by Shannon Smith, Esq, eDiscovery & Archiving Specialist for CommVault
 
As one of the newest computing frontiers, cloud technology is generating massive interest from organizations seeking substantial economies of scale by outsourcing all or portions of their computing, applications and data storage requirements. It’s true that migrating data to an external cloud can lead to sizable savings on capital and operational expenses. There are also, however, a host of potential security and privacy issues that can arise and expose organizations to unique risks.
 
It’s important to take the time upfront to determine the value of the data being placed in an external cloud, along with establishing proper Service Level Agreements (SLAs) and disaster recovery commitments to safeguard the information. Reputable cloud computing vendors should be able to articulate a sound business continuity strategy, which encompasses proven and audited data protection processes for minimizing downtime should an outage occur.
 
Ensuring data privacy also becomes more complicated in the cloud as data must be protected against unwanted access by the provider as well as the provider’s other customers or outside intruders. As a result, companies should consider keeping highly sensitive data in-house, especially if the information contains sensitive customer data, trade secrets, or could be subject to legal privilege.
 
The issue of access can be unclear in cloud computing because a third party has actual possession of, and can control access to, an organization’s data. Unlike traditional outsourcing models, where customer data is segregated and housed on separate devices, multi-tenant cloud computing environments co-mingle information from different organizations.

One striking example of the unique risks inherent to cloud computing involved Liquid Motors, a Dallas-based company that provided inventory management and Internet marketing services to auto dealers nationwide. Last year Liquid Motors was inadvertently caught up in a FBI raid when the bureau seized servers and backup tapes from the company’s service provider’s data center and co-location facility, which was under investigation for VoIP fraud. While Liquid Motors wasn’t under investigation in any way, its equipment and data were confiscated, effectively putting the company out of business and in potential breach of customer contracts.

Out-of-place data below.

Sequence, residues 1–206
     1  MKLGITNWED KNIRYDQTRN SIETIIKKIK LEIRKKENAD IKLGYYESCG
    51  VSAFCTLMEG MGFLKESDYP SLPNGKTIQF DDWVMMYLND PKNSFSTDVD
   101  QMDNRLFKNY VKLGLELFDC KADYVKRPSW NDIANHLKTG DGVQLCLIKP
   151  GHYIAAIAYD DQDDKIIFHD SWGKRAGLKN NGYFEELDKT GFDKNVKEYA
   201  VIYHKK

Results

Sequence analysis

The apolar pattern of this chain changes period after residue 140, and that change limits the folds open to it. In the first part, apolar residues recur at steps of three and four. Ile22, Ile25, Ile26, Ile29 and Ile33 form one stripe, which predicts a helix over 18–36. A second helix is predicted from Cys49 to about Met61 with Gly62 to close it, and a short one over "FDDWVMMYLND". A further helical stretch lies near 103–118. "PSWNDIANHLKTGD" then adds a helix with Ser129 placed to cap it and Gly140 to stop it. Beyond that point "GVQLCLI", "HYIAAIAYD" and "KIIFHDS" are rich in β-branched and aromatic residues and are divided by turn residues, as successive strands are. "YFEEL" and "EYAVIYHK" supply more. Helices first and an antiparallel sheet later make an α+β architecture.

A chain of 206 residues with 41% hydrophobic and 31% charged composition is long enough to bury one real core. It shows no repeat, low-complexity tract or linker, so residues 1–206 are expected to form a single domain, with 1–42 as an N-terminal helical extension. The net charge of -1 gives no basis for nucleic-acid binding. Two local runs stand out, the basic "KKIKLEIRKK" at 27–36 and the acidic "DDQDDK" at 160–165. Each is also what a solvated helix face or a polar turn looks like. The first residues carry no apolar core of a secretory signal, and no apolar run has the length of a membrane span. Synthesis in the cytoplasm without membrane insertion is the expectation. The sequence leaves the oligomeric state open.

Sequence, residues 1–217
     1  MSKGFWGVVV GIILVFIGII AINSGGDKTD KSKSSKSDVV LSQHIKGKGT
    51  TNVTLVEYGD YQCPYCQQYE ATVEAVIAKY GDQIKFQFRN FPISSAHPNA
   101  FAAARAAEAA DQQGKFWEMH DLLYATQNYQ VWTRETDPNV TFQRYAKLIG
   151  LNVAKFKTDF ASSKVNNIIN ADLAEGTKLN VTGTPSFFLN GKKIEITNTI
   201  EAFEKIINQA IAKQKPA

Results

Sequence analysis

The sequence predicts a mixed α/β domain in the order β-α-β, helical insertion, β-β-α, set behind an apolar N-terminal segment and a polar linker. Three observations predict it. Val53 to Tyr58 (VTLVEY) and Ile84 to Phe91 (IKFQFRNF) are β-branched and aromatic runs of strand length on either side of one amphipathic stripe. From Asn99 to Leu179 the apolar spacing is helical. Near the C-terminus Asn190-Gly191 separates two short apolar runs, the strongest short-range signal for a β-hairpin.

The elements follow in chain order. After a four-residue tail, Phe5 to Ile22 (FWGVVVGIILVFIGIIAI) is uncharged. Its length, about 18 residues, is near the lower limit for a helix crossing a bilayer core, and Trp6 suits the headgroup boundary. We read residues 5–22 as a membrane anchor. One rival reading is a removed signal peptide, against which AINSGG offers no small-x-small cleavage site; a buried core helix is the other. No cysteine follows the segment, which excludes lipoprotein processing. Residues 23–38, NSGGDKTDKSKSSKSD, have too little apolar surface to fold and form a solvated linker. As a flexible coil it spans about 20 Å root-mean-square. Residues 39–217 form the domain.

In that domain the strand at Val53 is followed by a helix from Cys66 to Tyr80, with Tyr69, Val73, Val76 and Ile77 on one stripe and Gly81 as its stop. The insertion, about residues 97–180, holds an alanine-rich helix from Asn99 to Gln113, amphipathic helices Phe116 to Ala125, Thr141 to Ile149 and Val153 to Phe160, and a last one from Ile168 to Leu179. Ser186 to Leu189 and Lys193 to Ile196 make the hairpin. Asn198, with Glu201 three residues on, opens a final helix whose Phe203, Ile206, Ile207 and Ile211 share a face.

While this example may be more the exception than the rule, it highlights an underlying risk when an organization’s data resides with others. Additional risks relating to data residing in the cloud occur during e-discovery because a discovery request could be made directly to the vendor. It’s crucial to build provisions to address, and possibly resist, third-party requests for data. At a minimum, cloud computing vendors should be obligated to inform their customers if a direct discovery request is received. Other areas of consideration relating to e-discovery issues include data authenticity and preservation. Companies need to ensure that migrating data to and/or from the cloud does not alter associated metadata. Additionally, organizations need to ensure that the vendor offers a means of preserving data, a la legal hold, should litigation arise.
 
Considerations for how data is moved into the cloud and accounted for:
    •    What process is used to move data?
    •    Does data migration change the metadata or content in any way?
    •    Can the chain of custody for the data be established?
    •    What is the physical location of my data and who has access?
    •    Does the data stay in one place or is it moved at all, such as when normal maintenance is performed?
    •    How is data preserved when requested and is there legal hold and review capability in event of an e-discovery request? and
    •    What other types of companies have data co-located with mine and are they subjected to federal regulations or intense auditing that could impact my data?
 
Jurisdiction over the data also needs to be addressed to ensure the cloud provider operates in accordance with laws pertinent to a particular location. For instance, if the data resides in Europe, then a US-based customer would need to know potential problems and issues that may stem from stricter European privacy laws. While access controls and privacy considerations typically are addressed contractually, it’s advisable to add provisions for auditing data access to ensure privacy procedures are maintained.
 
A plethora of cloud computing choices will continue to drive early momentum among companies that want to leverage a highly affordable shared pool of computing resources to deliver various business services. For that reason, it’s increasingly important to understand and consider these risks before entering a contractual relationship with a cloud computing vendor.